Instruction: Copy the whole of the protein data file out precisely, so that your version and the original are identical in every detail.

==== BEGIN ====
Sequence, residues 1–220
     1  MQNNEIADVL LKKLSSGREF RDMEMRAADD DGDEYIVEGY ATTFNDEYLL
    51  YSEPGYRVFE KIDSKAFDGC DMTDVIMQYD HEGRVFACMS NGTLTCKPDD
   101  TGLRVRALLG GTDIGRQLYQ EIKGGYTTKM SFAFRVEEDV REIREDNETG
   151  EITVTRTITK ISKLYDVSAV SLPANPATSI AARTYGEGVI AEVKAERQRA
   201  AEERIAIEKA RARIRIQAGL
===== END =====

Sequence, residues 1–220
     1  MQNNEIADVL LKKLSSGREF RDMEMRAADD DGDEYIVEGY ATTFNDEYLL
    51  YSEPGYRVFE KIDSKAFDGC DMTDVIMQYD HEGRVFACMS NGTLTCKPDD
   101  TGLRVRALLG GTDIGRQLYQ EIKGGYTTKM SFAFRVEEDV REIREDNETG
   151  EITVTRTITK ISKLYDVSAV SLPANPATSI AARTYGEGVI AEVKAERQRA
   201  AEERIAIEKA RARIRIQAGL